It seems to me that any decision one makes with regard to God, to either accept or reject Him, is probably the most important decision of one’s life. The decision you make with regard to God will mean the difference in your eternal destiny: whether it’s spent in Heaven or in Hell, plus a relationship you might have with Him now. It says in the Book of John that eternal life isn’t just about where you’ll spend the future, but it’s also about knowing God now,

And this is eternal life, that they may know You, the only true God, and Jesus Christ whom You have sent. ~ John 17:3, NKJV.

I find this to be wonderfully exciting. It speaks of an intimacy with God that we can have before we get to Heaven simply by trusting Christ as our Lord and Savior, not to mention getting to spend eternity in Heaven, which is probably beautiful beyond anything we could ever imagine ~ all of which says that God is anything but dead!

Thank you, Jesus!!

Confronting Evil By Talking About It


When I was a teenager I was forced into having two abortions by the cult in which I was being abused. Well, first they raped me to get me pregnant, and then they aborted the babies that were the product of the two rapes.

The first one happened when I was about thirteen, and the pregnancy was terminated in an abortion at about three months, before the baby was viable outside the womb. It was a boy, whom I named David Adam Christopher.

The second one, when I was about fifteen, was terminated somewhere between four and five months, at a point when they knew the baby would be viable long enough for me to be able to bond with her before she was murdered. And yes, it was a girl. I named her Emily Margaret Rose. For both babies I tried to pick the most beautiful names I could think of, names that were not only beautiful, but were also at least partly biblical with good meanings.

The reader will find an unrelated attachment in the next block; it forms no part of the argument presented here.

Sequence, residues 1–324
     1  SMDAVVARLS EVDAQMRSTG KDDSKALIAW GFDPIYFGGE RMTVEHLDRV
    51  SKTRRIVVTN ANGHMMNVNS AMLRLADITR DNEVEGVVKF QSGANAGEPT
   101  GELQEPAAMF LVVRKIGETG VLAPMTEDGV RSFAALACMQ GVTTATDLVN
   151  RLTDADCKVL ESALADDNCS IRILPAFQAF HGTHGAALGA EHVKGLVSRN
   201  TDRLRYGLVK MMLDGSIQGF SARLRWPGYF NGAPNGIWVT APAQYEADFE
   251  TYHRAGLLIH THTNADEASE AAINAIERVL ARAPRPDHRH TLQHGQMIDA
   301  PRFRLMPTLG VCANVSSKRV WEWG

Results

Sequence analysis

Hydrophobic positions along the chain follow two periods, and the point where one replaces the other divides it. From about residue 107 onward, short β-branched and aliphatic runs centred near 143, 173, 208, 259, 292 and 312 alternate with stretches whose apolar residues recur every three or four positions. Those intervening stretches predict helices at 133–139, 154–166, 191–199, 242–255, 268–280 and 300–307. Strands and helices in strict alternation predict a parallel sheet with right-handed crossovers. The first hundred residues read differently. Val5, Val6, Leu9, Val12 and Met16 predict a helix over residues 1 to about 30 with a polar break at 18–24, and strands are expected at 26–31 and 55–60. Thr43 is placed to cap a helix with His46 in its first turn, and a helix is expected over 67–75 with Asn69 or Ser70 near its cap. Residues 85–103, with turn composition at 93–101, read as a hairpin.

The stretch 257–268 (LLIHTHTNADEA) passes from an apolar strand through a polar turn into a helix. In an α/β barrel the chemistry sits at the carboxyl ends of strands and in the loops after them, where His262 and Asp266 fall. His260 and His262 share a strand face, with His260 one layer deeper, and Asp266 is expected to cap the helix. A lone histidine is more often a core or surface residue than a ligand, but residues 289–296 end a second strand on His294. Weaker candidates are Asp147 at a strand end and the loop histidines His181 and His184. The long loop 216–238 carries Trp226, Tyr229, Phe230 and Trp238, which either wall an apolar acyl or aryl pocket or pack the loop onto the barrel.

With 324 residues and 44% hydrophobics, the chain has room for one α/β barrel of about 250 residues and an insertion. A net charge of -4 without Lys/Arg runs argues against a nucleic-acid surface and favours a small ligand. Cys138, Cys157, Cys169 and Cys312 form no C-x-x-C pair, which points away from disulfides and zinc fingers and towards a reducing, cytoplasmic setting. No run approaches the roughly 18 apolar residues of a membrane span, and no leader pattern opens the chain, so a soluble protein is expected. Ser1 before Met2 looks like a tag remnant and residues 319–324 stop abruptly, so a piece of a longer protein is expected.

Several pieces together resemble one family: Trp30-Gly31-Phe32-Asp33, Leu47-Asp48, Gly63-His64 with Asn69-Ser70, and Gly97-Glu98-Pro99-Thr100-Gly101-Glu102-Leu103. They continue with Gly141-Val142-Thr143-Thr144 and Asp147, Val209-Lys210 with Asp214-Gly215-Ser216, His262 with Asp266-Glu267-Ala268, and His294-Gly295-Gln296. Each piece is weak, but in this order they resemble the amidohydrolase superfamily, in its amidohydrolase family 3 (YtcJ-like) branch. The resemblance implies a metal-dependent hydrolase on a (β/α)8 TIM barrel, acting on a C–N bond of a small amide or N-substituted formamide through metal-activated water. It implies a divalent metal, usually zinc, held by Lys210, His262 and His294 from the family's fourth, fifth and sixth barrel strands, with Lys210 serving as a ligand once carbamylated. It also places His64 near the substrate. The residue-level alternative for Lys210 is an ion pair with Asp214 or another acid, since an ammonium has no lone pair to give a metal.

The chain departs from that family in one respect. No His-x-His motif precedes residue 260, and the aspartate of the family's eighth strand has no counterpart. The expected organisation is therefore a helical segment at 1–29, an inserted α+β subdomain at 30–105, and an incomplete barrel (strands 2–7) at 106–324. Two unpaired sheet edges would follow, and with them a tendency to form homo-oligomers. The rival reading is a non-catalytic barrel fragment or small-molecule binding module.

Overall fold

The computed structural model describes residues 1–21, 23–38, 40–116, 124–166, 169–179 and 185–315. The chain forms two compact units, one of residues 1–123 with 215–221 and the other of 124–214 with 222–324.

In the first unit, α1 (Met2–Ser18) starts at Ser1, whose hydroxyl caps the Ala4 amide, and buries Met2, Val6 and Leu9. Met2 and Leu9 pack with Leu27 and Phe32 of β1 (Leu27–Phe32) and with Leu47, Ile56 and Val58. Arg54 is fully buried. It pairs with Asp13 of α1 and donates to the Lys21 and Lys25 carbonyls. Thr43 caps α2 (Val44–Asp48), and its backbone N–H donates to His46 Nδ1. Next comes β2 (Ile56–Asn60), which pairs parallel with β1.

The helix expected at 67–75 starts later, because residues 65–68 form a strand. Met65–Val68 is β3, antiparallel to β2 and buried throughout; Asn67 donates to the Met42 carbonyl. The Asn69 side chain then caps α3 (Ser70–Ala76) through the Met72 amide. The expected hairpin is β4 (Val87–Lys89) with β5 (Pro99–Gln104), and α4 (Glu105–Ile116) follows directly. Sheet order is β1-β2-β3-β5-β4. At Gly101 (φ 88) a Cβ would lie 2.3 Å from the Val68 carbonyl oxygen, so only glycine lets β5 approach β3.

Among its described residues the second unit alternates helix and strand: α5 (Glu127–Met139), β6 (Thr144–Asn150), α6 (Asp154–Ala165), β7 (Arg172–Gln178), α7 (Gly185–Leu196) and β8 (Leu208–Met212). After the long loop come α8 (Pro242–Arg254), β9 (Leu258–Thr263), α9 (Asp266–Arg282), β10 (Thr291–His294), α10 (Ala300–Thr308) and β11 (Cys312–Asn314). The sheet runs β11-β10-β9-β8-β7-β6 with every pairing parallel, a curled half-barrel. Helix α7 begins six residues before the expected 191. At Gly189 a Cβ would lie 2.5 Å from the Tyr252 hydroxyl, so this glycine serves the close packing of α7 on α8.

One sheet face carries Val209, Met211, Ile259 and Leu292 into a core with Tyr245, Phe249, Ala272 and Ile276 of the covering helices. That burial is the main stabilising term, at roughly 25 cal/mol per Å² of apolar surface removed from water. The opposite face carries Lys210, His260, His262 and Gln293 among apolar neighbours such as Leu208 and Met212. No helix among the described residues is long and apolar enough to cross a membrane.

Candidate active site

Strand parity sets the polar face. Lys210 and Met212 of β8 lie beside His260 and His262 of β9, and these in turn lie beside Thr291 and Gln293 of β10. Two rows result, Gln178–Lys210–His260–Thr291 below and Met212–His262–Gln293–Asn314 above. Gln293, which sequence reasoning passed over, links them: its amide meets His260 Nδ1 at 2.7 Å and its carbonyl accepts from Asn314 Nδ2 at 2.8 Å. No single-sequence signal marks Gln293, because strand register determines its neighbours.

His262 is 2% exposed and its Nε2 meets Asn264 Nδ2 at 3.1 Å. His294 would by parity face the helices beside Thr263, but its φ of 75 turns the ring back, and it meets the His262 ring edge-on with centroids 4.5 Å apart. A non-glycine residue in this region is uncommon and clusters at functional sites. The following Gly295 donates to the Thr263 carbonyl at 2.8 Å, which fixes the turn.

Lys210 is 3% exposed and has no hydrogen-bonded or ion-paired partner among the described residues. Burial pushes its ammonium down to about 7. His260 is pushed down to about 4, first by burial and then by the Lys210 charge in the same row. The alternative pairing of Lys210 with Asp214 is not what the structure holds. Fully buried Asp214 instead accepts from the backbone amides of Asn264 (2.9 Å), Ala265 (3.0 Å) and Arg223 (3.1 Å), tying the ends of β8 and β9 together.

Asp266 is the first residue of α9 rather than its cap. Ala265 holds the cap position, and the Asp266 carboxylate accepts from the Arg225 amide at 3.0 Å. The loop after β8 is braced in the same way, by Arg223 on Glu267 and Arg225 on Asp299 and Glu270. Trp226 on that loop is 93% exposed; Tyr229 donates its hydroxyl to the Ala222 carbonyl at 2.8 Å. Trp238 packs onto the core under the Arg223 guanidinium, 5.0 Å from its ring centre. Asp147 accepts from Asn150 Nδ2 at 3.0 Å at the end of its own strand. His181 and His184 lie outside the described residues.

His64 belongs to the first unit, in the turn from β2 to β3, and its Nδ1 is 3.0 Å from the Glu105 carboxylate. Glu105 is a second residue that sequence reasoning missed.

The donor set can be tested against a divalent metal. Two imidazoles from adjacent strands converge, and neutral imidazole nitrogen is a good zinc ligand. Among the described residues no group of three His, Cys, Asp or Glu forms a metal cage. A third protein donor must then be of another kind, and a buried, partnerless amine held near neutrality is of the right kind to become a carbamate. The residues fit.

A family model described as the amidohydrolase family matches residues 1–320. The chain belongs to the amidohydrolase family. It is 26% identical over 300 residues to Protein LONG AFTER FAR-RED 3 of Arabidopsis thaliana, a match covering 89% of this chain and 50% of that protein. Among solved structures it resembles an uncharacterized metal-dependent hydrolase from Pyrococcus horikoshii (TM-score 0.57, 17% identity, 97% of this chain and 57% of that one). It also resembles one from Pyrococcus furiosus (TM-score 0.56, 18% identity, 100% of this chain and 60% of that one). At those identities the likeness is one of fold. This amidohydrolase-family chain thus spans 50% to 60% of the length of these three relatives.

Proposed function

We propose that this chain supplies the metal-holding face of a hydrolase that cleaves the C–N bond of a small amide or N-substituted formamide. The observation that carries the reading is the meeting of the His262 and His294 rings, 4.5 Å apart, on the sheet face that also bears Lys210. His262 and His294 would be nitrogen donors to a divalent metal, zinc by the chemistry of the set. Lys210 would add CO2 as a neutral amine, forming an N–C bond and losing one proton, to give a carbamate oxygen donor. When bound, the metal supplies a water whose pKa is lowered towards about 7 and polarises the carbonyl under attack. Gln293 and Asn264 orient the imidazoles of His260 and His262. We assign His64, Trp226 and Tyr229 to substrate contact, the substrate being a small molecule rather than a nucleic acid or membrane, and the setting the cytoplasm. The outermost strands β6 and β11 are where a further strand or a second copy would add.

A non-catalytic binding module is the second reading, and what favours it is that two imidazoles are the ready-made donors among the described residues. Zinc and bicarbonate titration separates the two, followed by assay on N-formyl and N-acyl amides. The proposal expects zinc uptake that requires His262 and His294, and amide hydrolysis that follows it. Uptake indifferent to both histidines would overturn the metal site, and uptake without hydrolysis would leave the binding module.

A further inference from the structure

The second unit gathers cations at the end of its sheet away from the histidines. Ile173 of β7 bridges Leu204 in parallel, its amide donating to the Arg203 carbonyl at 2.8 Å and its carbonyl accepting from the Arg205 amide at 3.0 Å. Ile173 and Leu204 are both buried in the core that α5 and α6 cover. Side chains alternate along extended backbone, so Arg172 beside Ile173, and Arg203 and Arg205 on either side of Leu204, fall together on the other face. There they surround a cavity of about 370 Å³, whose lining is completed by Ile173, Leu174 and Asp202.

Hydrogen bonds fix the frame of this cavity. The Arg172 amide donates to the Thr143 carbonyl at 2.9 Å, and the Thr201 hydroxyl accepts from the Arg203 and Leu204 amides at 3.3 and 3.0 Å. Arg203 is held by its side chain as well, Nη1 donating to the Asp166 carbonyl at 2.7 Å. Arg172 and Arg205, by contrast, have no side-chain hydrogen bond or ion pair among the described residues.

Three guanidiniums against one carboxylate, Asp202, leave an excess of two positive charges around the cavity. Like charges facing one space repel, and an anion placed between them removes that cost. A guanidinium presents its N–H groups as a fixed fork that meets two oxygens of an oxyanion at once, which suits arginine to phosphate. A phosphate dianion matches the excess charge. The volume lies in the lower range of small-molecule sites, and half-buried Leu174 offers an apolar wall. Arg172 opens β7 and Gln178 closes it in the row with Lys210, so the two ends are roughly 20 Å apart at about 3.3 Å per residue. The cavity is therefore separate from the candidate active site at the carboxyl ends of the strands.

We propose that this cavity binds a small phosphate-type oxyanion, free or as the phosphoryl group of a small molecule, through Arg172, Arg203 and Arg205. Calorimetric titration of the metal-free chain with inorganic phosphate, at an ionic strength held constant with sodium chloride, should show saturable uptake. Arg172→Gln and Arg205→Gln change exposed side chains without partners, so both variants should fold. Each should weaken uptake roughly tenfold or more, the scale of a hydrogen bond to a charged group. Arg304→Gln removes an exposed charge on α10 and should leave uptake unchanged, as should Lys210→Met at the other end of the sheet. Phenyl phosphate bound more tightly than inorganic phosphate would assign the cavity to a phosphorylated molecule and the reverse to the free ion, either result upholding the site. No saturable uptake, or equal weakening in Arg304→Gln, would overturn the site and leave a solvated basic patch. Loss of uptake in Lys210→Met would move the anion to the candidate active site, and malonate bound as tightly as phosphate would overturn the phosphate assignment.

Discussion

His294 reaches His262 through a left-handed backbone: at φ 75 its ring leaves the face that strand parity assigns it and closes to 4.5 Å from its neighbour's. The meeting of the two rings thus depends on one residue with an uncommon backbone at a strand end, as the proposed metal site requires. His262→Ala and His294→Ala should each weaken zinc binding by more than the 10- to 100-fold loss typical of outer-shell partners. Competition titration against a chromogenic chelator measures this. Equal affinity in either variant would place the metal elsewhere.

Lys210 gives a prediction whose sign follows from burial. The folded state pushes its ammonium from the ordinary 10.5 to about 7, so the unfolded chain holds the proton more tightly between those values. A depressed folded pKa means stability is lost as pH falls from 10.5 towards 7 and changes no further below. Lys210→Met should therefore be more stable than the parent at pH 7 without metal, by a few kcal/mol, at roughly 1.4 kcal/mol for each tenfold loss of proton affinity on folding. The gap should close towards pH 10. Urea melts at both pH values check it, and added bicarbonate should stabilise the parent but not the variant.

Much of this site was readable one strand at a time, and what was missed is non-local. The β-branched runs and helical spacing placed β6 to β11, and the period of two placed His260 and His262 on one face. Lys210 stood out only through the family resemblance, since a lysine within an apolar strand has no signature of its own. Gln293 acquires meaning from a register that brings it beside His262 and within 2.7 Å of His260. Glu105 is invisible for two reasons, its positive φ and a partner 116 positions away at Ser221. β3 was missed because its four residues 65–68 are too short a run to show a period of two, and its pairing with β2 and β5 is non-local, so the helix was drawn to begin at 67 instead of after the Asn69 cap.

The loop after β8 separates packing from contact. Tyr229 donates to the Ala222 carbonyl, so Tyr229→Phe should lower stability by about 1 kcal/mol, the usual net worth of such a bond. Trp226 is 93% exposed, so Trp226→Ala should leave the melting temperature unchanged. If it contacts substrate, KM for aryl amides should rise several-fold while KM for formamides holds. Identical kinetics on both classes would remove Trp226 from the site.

In the abortion that killed David Adam Christopher, I have a very clear picture in my mind of a machine that I’m assuming was an abortion machine. It was a large blue rectangular box with a clear plastic dome on top, and as they were sucking the baby from my body I can see his tiny body parts mixed with blood swirling in the dome as the machine was running.

With Emily Margaret Rose it was even worse. I was the one who had to kill her, though in reality it was murder. I had no choice; they forced me.

After she was born they made me hold her, and they forced me to nurse her. At the time I didn’t understand exactly what they had planned, and I didn’t know why they made me bond with her, but I was glad for it. Then they took her away and put her on a table, which turned out to be an altar. She was naked, and they made me take off my clothes as well, something I always hated doing.

Then they made me go to the altar and they put a dagger in my hand. The dagger had a special kind of double-edged blade that had a thick electrical cable coming out of the handle. The cable was hooked up to a machine that generated electrical current, and as long as the machine was on, current flowed into the knife. As long as current was flowing I couldn’t let go of it because my muscles couldn’t stop contracting. The only way they would allow me to drop the dagger was if I stabbed Emily until she was dead. I had no choice. Not physically, nor emotionally, mentally, or spiritually.

I can see very clearly in my mind’s eye the images of having to do this to my beautiful baby girl. And I can distinctly hear her shrieks of agony as I plunged the dagger into her tiny body.

I take great comfort in Psalm 139:8 when I contemplate this horrific memory, because I believe what it says, that I was not alone in that Hell-on-earth, that God didn’t abandon me even there,

“If I ascend into heaven, You are there; if I make my bed in hell, behold, You are there.” ~ Psalm 139:8, NKJV.